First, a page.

JMEI Part II: Junior explorers just got another $100 million tax boost
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Junior explorers got another shot in the arm with the Federal Government announcing today that the Junior Minerals Exploration Incentive (JMEI) will be boosted by $100 million to extend over four more years.
The incentive allows eligible companies to convert tax losses into exploration credits to attract new investors, thereby encouraging ongoing exploration and jobs in the mining sector.
It’s a modified version of the previously failed Exploration Development Incentive, which the government binned in May, 2017.
Minister for Resources, Water and Northern Australia Keith Pitt said Australia’s successful, stable and secure resources sector was underpinned by our world class junior explorers.
“These companies ensure the ongoing exploration and the discovery of new mineral resources, including critical minerals that position Australia to drive the global economy of the future,” Minister Pitt said.
Greenfields exploration is what identifies the new high-quality mineral deposits across the 80 per cent of Australia that is underexplored. And it is junior explorers that find up to 70 per cent of deposits that form the pipeline for new projects.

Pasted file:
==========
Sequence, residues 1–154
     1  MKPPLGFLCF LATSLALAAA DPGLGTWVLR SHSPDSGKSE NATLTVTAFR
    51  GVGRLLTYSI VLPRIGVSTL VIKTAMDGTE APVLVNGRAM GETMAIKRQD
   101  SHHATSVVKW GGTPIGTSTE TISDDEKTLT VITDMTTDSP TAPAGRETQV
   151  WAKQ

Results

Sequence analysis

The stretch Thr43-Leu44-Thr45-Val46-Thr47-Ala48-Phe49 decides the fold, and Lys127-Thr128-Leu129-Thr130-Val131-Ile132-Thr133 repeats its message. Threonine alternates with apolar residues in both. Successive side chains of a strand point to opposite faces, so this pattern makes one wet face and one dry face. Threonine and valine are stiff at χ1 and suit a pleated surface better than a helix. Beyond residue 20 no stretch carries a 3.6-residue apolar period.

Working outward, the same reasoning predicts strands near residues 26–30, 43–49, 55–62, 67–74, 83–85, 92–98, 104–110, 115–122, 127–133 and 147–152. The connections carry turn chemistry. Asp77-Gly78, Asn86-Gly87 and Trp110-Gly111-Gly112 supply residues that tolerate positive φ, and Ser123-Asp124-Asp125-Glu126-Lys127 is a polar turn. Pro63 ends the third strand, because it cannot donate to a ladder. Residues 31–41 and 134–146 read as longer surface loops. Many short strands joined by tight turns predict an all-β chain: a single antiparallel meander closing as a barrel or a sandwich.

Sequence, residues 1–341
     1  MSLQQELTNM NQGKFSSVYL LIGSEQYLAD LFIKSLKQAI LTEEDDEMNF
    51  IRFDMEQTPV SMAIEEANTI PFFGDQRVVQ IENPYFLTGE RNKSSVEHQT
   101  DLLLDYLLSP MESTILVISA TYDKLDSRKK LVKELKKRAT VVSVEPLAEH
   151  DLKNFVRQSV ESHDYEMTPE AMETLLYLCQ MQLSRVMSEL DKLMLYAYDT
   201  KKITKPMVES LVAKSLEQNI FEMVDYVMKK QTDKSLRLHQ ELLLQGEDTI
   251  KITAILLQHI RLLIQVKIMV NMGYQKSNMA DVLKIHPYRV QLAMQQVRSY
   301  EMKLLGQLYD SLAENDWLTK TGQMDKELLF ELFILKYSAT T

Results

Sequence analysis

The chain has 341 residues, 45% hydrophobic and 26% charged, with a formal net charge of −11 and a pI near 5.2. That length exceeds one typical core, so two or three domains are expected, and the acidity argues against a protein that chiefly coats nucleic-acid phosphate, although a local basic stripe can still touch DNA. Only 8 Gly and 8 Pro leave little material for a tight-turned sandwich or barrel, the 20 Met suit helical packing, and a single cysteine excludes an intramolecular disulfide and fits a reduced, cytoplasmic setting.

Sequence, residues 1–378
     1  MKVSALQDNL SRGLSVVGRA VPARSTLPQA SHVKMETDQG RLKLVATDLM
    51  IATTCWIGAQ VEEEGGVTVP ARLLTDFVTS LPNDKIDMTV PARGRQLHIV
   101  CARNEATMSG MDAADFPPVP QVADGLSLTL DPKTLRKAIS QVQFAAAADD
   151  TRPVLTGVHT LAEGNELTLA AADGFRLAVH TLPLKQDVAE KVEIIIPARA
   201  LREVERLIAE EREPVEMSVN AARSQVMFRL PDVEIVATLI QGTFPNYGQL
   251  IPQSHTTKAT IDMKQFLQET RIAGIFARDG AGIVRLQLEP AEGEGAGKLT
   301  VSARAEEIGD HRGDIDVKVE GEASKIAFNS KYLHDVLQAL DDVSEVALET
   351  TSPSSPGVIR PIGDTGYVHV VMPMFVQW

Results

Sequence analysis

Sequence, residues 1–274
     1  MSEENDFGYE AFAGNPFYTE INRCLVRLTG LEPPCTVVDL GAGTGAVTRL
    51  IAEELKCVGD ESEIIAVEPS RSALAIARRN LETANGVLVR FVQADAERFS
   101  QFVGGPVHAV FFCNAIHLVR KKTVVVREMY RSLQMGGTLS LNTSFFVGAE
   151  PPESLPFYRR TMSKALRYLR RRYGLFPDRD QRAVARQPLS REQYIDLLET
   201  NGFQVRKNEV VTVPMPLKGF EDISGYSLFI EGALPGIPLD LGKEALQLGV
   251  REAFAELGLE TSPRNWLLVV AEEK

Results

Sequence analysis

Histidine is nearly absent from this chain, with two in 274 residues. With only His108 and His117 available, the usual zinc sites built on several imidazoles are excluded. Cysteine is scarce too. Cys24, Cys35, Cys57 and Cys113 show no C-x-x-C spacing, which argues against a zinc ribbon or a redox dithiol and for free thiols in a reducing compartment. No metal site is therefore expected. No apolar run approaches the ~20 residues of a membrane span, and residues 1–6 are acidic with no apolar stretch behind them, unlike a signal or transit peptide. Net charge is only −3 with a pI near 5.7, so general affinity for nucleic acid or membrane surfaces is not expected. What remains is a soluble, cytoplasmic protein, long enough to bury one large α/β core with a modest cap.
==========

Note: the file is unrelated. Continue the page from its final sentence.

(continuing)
To date, the Junior Minerals Exploration Incentive has supported 85 junior exploration companies, with over half of these companies headquartered in Western Australia.
“The program has encouraged companies to explore for resources in untapped areas of Australia, helping to generate future development, jobs and investment in the resources sector,” Minister Pitt said.
“We need to ensure that we have a continuous investment pipeline for development across regional Australia.”
The resources sector directly employs more than 260,000 people, with most of these jobs in the regions.
“Extension of the JMEI complements the existing suite of Australian Government support for greenfield exploration, including the $225 million Exploring for the Future Program run by Geoscience Australia,” the Minister said.
“The $125 million second phase of the Exploring for the Future Program will feature eight projects that will unlock the potential of Australia’s groundwater, energy and mineral resources across the country.”
The Minister said Australia could provide the world with secure supply chains and manufacturing opportunities for rare earths and critical minerals that are vital in the production of digital devices, batteries, new tech medical appliances and our defence componentry.
Member for the central Queensland electorate of Flynn Ken O’Dowd said the resources sector played a vital role in the production of products most people use every day.
“Nearly everything that we use each day began its life as a mineral. Your car, mobile phone are examples,” O’Dowd said.
“Global demand for minerals is increasing and I welcome the announcement to extend JMEI by four years. It will provide assistance and incentives to future miners.”